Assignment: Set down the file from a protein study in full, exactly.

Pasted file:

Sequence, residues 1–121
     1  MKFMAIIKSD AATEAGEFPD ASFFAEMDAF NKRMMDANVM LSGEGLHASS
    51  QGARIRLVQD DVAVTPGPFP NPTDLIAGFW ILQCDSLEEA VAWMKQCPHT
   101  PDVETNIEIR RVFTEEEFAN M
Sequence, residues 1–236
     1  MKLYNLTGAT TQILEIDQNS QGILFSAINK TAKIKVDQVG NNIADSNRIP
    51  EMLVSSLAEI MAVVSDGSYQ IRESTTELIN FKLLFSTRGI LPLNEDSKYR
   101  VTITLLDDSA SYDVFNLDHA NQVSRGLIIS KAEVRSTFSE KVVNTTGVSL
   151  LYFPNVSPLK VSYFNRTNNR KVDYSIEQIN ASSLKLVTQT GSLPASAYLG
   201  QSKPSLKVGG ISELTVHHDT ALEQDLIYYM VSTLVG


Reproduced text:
Sequence, residues 1–121
     1  MKFMAIIKSD AATEAGEFPD ASFFAEMDAF NKRMMDANVM LSGEGLHASS
    51  QGARIRLVQD DVAVTPGPFP NPTDLIAGFW ILQCDSLEEA VAWMKQCPHT
   101  PDVETNIEIR RVFTEEEFAN M
Sequence, residues 1–236
     1  MKLYNLTGAT TQILEIDQNS QGILFSAINK TAKIKVDQVG NNIADSNRIP
    51  EMLVSSLAEI MAVVSDGSYQ IRESTTELIN FKLLFSTRGI LPLNEDSKYR
   101  VTITLLDDSA SYDVFNLDHA NQVSRGLIIS KAEVRSTFSE KVVNTTGVSL
   151  LYFPNVSPLK VSYFNRTNNR KVDYSIEQIN ASSLKLVTQT GSLPASAYLG
   201  QSKPSLKVGG ISELTVHHDT ALEQDLIYYM VSTLVG